KIMmortal: Death not the end as N. Korea tests missile
South Korea's Yonhap news agency said Monday’s test came as North Korean state media announced the country’s longstanding leader had died of a heart attack while traveling by train.
South Korean military officials were unable to immediately confirm the report, saying it would be a breach of policy to comment on intelligence matters. However, government officials, speaking under condition of anonymity, told Yonhap the test had taken place off the country’s east coast, on the Sea of Japan.
A source from Russia’ Foreign Ministry also told Interfax news agency they were unable to confirm whether or not North Korea had launched a short-ranged ballistic missile.
However, despite international concerns, the launch is unlikely to be connected with news of Kim Jong-il’s death, as South Korean authorities reported it was carried out prior to the official announcement concerning Kim’s passing, Interfax reports.
But James Corbett, editor of Japan-based news website Corbett Report, thinks the reported missile tests were a demonstration of power for the neighbors and the world. “The new regime in North Korea is looking to assert its power and to show that it obviously still exists at the world stage and that this is not going to destabilize the country.”
Meanwhile, as North Korean state media has hailed Kim Jong-il’s youngest son Kim Jung-un as the "great successor," the world community is increasingly alarmed over the impact of instability in a state which has actively pursued nuclear weapons.
The Untied States expressed its ongoing commitment to stability on the Korean peninsula amid the news of Kim senior’s death
Speaking with South Korean President Lee Myung-bak by phone, President Barack Obama said he would closely monitor developments.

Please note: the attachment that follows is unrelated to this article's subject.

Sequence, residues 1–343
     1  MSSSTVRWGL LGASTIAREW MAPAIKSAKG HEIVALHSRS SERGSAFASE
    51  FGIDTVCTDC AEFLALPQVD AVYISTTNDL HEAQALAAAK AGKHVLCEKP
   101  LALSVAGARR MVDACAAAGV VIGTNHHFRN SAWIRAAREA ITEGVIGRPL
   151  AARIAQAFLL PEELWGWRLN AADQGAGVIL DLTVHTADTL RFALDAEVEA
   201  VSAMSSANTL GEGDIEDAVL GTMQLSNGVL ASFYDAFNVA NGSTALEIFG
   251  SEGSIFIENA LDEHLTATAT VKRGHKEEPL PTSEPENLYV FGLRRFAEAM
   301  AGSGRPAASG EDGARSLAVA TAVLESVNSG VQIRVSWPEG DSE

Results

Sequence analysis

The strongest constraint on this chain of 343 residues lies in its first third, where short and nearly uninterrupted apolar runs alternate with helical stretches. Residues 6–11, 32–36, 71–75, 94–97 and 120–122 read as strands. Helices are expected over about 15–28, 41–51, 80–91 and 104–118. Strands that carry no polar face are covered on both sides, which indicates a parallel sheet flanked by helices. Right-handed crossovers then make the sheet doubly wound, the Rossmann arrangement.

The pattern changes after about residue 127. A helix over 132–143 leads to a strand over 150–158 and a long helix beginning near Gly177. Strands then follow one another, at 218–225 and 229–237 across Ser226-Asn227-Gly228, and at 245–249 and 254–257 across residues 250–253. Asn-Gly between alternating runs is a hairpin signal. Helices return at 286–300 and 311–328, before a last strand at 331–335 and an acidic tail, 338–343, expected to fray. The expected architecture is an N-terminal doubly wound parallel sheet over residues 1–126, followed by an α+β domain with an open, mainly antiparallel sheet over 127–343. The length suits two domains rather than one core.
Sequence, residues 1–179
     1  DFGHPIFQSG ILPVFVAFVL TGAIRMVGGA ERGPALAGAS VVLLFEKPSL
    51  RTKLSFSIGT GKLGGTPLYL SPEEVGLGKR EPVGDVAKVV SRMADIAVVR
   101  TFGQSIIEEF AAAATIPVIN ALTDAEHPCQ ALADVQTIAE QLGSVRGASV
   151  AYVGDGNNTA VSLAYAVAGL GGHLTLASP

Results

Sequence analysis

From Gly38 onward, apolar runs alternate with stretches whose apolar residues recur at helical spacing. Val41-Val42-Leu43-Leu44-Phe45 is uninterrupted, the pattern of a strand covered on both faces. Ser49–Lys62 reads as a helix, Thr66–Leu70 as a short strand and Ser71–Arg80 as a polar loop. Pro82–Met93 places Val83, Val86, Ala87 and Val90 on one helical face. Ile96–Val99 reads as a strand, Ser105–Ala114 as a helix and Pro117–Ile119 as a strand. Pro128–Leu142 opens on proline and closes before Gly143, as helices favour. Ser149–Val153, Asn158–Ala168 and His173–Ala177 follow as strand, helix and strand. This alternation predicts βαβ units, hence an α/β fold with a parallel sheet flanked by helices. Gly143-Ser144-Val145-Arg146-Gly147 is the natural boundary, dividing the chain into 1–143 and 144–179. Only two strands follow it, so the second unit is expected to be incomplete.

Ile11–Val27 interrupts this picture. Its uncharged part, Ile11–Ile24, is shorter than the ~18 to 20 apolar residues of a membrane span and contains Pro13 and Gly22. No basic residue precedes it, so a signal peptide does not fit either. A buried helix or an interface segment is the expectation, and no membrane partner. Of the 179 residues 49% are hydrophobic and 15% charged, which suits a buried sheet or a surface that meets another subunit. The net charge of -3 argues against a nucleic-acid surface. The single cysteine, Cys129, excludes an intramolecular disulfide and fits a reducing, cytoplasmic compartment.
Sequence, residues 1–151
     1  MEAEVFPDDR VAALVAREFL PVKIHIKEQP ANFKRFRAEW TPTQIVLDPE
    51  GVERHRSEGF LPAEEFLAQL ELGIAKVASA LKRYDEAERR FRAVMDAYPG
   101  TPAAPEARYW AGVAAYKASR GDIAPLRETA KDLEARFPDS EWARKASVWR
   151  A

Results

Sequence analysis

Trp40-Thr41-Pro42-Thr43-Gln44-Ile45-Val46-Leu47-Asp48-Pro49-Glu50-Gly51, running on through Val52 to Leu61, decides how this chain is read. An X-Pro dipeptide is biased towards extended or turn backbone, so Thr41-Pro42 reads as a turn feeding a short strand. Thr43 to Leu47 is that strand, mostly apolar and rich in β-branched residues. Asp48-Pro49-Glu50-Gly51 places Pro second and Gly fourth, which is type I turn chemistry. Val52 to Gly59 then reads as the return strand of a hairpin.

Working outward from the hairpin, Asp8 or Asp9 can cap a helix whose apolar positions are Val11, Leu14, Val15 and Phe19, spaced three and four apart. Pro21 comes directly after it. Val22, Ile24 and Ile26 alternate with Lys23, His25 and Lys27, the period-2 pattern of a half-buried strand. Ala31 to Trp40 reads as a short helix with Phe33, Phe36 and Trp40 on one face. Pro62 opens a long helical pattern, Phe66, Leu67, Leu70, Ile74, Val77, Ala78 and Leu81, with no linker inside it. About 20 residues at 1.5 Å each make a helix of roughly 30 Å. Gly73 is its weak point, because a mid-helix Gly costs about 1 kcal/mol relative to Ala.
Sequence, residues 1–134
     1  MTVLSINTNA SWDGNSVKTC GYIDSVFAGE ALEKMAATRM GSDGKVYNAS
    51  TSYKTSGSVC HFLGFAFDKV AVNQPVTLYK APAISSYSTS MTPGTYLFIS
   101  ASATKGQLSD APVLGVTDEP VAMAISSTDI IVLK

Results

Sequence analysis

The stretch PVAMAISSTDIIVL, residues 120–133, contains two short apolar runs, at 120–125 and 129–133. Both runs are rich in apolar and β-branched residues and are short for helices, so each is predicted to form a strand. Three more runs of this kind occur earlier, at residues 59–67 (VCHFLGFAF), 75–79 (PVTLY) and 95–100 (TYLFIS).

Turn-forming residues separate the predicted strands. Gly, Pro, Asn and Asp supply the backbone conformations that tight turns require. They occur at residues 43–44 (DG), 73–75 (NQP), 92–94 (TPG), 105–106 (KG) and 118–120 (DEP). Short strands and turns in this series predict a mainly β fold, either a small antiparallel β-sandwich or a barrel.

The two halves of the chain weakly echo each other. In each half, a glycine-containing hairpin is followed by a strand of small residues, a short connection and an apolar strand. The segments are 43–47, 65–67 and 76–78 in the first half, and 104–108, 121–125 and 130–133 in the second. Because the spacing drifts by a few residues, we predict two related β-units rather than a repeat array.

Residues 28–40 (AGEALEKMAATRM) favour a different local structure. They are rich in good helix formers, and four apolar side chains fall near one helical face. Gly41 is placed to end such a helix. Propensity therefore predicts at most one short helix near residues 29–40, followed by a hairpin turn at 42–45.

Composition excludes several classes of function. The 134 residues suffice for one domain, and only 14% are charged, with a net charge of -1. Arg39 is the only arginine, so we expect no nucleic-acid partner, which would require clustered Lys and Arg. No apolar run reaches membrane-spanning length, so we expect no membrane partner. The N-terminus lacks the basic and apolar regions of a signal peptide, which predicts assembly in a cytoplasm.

Japan held a special security meaning “to deal with the unexpected.”
Meanwhile, South Korea put its military on high alert as the country has technically remained at war with the north since the 1953 Armistice agreement halted major hostilities.
With a 1.2 million-strong standing force, North Korea currently has the world’s fourth-largest army.
The Democratic People’s Republic of Korea (DPRK), or North Korea first began developing its nuclear capability with the help of the Soviet Union in 1965.
By 1989, it was discovered that a secret facility had been built at Yongbyon which was capable of separating plutonium from nuclear fuel.
After the 90s would see North Korea abstain from enriching uranium for almost a decade, a souring of relations with the US during the Bush years led Pyongyang to detonate its first nuclear device in 2006. A second nuclear weapons test was later conducted in 2009.
It is currently estimated that North Korea has enough plutonium to make six bombs, though they are not yet believed to have the ballistic missile capability which would allow the country to deliver a nuclear warhead.
RT talked to Rudiger Frank, professor of East Asian Economy and Society at the University of Vienna, who thinks there are three possible scenarios of how North Korea will continue its nuclear program now that Kim Jong-il is gone. The scenarios he offers depend on who will take power in the country."If Kim Jong-un takes over… North Korea will continue to play the nuclear card as a bargaining chip in negotiations. If a collective leadership along the Chinese example will be installed there are chances of actually North Korea giving up its nuclear program, because it does not need it anymore."
Professor Frank also says there is a possibility of a chaos scenario with no particular leadership in the country. In this case “we might even have to fear that these weapons are used in this way or the other."